It seemed that they had thought of everything that was needed so that you wouldn’t have to stress in your mind about what’s going to be happening or what’s taking place. One of the other things that was so important to us was we weren’t, we didn’t have to call the doctor and setup something for two weeks later and then two weeks after that they finally get back with you and tell you something else.
The Cancer Treatment Centers set it up to where when you get there things are just done in an order and a proper manner and you don’t have to wait a long time to get any kind of responses with the Cancer Treatment Center. We were through the initial process of radiation and the brachytherapy itself, between those two things the doctors really stayed so much involved in everything you are doing. They want to keep on top of any pain you are having or any side effects that you are having through the treatments and they are constantly asking, “How do you feel? What’s going on?” And the follow up is there.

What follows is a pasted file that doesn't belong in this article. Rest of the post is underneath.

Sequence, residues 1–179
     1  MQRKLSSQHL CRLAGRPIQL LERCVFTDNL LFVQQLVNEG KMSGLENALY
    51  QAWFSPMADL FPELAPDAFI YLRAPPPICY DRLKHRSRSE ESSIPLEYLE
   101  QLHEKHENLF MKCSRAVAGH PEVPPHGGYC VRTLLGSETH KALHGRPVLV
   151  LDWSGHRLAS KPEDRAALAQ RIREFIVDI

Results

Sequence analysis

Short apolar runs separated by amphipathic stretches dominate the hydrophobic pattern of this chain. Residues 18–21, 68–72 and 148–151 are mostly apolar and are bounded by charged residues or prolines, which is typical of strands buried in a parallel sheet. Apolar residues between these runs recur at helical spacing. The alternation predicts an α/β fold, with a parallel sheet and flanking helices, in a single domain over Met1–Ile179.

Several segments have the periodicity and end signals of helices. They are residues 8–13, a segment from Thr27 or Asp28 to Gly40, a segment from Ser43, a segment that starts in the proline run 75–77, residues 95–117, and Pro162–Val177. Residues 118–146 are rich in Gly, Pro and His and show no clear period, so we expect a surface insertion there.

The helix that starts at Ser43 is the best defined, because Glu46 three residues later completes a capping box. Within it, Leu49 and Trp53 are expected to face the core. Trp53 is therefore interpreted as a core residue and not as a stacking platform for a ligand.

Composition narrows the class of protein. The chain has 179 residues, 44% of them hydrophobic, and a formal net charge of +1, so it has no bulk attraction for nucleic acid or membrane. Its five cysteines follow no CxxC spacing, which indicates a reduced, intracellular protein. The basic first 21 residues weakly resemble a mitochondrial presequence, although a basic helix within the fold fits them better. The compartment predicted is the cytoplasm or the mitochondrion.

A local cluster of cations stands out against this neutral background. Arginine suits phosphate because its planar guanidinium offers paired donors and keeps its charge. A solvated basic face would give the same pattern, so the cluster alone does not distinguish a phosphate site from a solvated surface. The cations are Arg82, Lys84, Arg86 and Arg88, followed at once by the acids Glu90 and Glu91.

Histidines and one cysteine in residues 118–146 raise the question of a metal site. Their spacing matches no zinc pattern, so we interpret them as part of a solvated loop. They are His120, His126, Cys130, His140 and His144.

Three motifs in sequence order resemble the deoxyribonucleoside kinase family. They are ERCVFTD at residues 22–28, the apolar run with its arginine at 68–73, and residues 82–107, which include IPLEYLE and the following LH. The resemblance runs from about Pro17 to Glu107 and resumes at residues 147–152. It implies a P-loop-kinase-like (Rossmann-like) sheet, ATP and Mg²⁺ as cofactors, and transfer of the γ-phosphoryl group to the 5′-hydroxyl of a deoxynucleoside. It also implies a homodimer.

Dr. Chang was a very, very good doctor that I really enjoyed being with and talking to while we had the treatments through radiation and such, and Judy, his nurse, working with us she was always excited to see when you came up to the desk and she would take you back and get you ready to see him. She would do some of the check ups with him and such, and she was always so positive whether it was on the phone or whether it was there in the office area.
Judy was one of these nurses that you are just very interested in ‘what’s going on with them’ and I think that comes about both because of your own nature but because they are so interested in you, and every time I would approach their desk I know there were times as I would just come through that area of the hospital and walk through, just so I could say ‘hi’.